Expanding Profits for Vermont Sheep Production through Intensive Pasture Management

Final Report for LNE94-047

Project Type: Research and Education
Funds awarded in 1994: $10,000.00
Projected End Date: 12/31/1995
Matching Non-Federal Funds: $7,700.00
Region: Northeast
State: Vermont
Project Leader:
Kate Duesterberg
Center for Sustainable Agriculture, University of Vermont
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Project Information

Summary:

A proposal was submitted to SARE in January of 1994 outlining the following objectives.

1. Investigate the economic feasibility and production capacity of finishing lambs on pasture;
2. Test the applicability of management systems, specifically Holistic Resource Management (HRM) and the Standardized Performance Analysis (SPA);
3. Identify and evaluate potential alternative lamb markets as an addition to, or a supplement for, commercial lamb sales; and
4. Implement a model for cooperative research and information dissemination.

The overall goal of the project was to expand the sheep industry in Vermont by increasing profitability for producers through more effective production methods, alternative marketing, and cooperative learning. A broad-based research committee had been organized to put the original grant proposal together. Included were representatives from the UVM Center for Sustainable Agriculture, UVM Extension and research faculty, the Vermont Department of Agriculture, and the three sheep producers who would participate in the case studies. The committee was firmly committed to the idea that grass-based lamb production is the most cost effective and environmentally friendly way of raising sheep.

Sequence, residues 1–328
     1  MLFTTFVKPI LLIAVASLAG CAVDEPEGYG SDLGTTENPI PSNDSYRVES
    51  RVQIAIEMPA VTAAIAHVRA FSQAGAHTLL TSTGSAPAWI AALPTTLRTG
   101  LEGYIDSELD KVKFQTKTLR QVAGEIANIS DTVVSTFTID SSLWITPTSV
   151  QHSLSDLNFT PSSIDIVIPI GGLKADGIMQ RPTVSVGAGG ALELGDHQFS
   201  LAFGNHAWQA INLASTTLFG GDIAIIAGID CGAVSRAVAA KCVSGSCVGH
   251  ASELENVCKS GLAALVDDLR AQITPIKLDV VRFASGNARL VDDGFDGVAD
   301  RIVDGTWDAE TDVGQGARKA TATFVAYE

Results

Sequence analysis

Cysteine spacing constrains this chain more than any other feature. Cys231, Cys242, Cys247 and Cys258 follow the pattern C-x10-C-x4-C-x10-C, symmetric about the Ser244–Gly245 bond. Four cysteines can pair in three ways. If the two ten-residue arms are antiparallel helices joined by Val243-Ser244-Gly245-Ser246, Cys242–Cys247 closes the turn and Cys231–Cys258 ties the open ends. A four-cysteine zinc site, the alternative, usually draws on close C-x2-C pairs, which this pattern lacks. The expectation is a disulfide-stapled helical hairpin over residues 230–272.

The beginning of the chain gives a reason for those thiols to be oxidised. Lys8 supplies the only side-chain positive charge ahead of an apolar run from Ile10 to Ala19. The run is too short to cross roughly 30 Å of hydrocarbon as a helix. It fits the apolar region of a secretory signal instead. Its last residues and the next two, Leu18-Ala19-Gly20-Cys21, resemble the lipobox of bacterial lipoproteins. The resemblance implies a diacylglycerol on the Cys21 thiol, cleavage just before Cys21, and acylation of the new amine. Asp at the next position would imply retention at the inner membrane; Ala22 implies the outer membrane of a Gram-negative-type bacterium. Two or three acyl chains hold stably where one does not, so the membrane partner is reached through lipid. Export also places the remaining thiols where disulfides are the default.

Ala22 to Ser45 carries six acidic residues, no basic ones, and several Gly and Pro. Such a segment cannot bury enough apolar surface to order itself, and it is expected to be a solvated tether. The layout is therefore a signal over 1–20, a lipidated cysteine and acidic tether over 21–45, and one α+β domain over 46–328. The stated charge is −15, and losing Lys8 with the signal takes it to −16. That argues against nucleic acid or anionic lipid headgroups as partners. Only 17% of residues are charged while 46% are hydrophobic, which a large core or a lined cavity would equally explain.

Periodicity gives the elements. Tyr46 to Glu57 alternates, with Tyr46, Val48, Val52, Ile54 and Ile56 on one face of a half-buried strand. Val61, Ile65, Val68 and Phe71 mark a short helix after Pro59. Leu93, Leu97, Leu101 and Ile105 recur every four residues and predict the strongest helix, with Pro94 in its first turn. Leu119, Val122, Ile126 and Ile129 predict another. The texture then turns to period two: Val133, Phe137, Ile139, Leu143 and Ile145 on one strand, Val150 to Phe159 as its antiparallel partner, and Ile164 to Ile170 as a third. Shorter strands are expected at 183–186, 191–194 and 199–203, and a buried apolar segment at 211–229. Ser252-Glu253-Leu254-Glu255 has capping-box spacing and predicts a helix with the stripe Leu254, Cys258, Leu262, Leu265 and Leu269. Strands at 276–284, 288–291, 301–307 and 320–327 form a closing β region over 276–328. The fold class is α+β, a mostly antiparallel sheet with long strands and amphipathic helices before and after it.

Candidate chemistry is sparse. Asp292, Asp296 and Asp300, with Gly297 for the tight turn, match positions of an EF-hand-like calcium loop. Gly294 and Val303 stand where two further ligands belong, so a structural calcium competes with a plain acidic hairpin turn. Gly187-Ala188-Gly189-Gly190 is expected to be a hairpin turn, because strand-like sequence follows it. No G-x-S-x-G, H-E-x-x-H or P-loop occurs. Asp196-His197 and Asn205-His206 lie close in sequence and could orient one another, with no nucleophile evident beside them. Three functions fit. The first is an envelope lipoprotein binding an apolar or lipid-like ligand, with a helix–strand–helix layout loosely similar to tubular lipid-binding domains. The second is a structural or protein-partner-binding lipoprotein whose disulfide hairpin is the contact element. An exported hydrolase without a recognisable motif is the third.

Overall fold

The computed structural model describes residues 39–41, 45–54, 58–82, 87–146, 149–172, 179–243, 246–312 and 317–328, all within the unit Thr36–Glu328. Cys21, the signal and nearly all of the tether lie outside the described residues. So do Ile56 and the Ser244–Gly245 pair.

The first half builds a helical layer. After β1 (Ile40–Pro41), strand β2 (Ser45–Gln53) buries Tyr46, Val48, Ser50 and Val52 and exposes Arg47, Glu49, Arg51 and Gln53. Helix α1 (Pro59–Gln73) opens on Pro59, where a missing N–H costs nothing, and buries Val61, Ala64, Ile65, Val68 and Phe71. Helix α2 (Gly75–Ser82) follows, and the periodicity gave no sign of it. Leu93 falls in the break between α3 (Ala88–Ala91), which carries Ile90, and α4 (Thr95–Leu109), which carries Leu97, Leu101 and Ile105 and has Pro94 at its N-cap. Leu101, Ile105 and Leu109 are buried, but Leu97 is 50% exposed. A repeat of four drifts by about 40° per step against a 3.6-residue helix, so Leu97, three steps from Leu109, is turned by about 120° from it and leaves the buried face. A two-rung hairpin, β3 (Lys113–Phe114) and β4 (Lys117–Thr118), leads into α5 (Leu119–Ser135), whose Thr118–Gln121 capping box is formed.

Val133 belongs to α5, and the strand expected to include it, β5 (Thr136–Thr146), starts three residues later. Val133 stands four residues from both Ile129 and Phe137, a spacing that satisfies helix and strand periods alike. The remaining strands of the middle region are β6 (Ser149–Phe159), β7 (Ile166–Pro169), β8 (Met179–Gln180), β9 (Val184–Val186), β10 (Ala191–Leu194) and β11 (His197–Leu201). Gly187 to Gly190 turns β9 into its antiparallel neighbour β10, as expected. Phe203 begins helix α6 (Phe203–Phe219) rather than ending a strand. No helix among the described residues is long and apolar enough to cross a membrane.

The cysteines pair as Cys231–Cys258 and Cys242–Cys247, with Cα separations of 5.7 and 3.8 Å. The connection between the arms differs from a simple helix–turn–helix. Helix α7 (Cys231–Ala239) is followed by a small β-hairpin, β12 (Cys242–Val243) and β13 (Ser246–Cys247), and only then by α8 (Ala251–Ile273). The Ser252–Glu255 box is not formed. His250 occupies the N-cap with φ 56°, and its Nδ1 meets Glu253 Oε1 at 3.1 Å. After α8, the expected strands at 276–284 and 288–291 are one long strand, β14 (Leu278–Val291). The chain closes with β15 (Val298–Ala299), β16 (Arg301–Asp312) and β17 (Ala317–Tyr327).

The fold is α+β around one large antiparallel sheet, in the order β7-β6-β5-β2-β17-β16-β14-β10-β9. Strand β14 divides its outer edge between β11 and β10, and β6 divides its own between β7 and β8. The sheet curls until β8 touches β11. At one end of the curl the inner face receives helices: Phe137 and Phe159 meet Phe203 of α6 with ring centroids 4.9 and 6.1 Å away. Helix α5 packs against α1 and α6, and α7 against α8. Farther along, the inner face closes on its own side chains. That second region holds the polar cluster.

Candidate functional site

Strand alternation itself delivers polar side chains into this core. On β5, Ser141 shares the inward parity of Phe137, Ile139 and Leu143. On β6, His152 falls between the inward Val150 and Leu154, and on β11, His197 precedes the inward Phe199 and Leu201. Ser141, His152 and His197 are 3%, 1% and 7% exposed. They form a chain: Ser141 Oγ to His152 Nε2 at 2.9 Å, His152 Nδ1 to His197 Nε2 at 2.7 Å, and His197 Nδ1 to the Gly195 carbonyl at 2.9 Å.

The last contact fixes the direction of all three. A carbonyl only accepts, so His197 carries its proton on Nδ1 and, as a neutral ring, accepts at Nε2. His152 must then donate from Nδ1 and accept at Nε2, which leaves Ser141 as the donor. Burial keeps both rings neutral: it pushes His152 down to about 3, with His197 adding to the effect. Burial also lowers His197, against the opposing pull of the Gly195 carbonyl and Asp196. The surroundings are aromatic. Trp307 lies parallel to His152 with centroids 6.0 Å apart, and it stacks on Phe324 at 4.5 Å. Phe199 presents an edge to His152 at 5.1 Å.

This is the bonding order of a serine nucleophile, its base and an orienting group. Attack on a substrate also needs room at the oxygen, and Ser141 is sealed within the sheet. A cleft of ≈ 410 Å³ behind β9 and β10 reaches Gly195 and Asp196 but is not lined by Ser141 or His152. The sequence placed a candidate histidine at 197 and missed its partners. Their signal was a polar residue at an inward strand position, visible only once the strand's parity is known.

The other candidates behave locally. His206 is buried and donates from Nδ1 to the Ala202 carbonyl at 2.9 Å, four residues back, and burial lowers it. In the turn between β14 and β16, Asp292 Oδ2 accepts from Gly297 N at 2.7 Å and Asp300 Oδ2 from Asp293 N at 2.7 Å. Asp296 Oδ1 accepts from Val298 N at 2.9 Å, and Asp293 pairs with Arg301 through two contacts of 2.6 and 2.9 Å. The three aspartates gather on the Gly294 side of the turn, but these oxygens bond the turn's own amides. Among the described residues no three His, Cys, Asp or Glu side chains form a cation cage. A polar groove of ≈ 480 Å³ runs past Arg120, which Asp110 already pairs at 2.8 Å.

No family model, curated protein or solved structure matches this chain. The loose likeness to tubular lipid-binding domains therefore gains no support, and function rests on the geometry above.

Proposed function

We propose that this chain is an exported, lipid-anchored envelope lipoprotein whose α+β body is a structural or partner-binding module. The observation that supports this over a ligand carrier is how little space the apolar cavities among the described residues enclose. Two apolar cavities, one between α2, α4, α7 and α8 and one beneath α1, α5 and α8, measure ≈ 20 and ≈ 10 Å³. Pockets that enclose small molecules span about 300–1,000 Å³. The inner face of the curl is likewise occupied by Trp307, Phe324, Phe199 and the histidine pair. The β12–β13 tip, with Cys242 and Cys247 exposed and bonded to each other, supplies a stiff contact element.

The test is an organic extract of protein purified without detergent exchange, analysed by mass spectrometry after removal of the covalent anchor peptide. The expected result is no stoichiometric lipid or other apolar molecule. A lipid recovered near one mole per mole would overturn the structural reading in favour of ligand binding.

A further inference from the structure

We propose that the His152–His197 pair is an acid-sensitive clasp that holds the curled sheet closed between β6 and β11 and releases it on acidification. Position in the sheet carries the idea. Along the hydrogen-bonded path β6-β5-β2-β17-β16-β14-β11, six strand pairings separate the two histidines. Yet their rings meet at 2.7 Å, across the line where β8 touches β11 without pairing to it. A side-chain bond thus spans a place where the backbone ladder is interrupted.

The Administrative Council did not fund the project as proposed. Instead, they asked the research committee to do more investigation in several areas, including an evaluation of the market potential of grass raised lamb and how to involve more farmers in the project. The Council awarded $10,000 as a planning grant to carry out this process and requested that the research committee come back the next year with a more comprehensive project proposal.